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Re: Public-Key authentication for websites

From: Christoph Hack <c.hack@gmx.at>
Date: Fri, 15 Feb 2008 18:20:17 +0100
To: Johnathan Nightingale <johnath@mozilla.com>
Cc: public-usable-authentication@w3.org
Message-Id: <1203096017.9709.11.camel@tuxmobil>

Oh, you are right. Looks like SSL/TLS is exactly what I want, I just
haven't known that you can create and use this certificates on the
client side too. I never saw that before, but I will take a deeper look
on it.

The only problem is that you must pay quite a lot for a trusted
certificate and that you aren't able to use existing Web-of-Trusts (if
you are using cacert). (Beside of that fact, that SSL/TLS doesn't
work on virtual hosts). And that nearly nobody owns a private
certificate (in comparison to GPG keys, which are well known in Linux
communities *g*).

Anyway many thanks for your answer :)

Christoph


On Fri, 2008-02-15 at 10:41 -0500, Johnathan Nightingale wrote:
> I'm not sure if this is the right list (nor how precisely, for that  
> matter, I got onto this list :) but how does your idea differ from  
> just using client certs?  Yes, that potentially means the format of  
> your GPG key might not be directly compatible, but there is pretty  
> widespread use of, for instance, government-issued non-repudiation  
> keys for e-government stuff.
> 
> As far as I know, though I haven't looked in detail, most modern  
> browsers allow sites to store client certs, and to request client  
> certificates as part of the TLS handshake.
> 
> Or am I totally missing your point?
> 
> Johnathan
> 
> 
> On 14-Feb-08, at 7:00 PM, Christoph Hack wrote:
> 
> >
> > Hiho everybody,
> >
> > today Public Keys are very popular and most Internet applications
> > support GPG-Keys (e.g. lots of Mail readers and Jabber). Those public
> > keys are much more secure and the user doesn't have transmit his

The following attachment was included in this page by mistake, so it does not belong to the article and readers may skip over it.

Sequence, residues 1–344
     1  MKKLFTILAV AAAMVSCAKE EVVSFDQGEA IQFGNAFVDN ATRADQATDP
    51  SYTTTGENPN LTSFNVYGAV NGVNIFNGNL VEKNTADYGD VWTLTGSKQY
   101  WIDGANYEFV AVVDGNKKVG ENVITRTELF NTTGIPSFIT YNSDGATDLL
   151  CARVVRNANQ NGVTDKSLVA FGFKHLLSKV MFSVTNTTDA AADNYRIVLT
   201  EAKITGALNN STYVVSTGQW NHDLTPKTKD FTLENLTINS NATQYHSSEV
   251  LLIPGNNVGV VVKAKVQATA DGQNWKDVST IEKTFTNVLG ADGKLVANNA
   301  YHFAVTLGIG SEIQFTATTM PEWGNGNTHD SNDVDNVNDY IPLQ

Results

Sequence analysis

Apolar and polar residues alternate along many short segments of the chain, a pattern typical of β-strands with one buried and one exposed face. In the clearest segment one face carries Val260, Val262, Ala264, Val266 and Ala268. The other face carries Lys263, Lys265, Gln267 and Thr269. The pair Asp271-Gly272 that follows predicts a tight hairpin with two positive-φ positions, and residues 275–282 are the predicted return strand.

> > password and remember it.
> >
> > But up to now, there aren't any Web Browsers which support a way to
> > ask the user to sign something with his personal GPG Key. (please tell
> > me if I'm wrong). But I think if somebody could write a RFC or  
> > something
> > similar for that, there might be a chance of getting this feature into
> > some full-featured browsers :)
> >
> > Use Case:
> > A use case for that could be the authentication handling for a web  
> > site.
> > The websites must provide an (optional) way for the user to attach his
> > public keys to his profile and when the user wants to log-in, it's
> > enough if he is able to decrypt or sign a specific message.
> >
> > Benefits:
> > - the user must not remember different passwords
> > - it's probably much more secure than other password handling methods
> > - websites could use this as an alternative authentication method
> > - Bruce Force attacks against hashes in big databases (like recently  
> > on
> >   phpbb, woltlab, smf) aren't possible any more
> > - and yes, I know that this idea is similar to OpenID, but it doesn't
> >   require any additional services
> >
> > Problems:
> > You can't use static messages for signing or decrypting, because then
> > there is a high risk that somebody might collect and use the
> > authentication information again. On the other side, completely  
> > dynamic
> > keys allow the server to get any messages signed by the user, probably
> > with content the user don't want to sign. So there must be a well
> > defined format (for example a tuple including a general header to
> > describe the context, a domain and a secret (session)-key)...
> >
> > So, I am very interested in your opinion now. Do you think there is a
> > way to get a feature like that? Or is this idea just a crap?
> >
> > Regards,
> > Christoph Hack
> >
> >
> > PS: I hope this is the right ML to share this idea, if not please
> > redirect to the right one...
> >
> >
> >
> 
> ---
> Johnathan Nightingale
> Human Shield
> johnath@mozilla.com
> 
> 
Received on Friday, 15 February 2008 17:20:32 GMT

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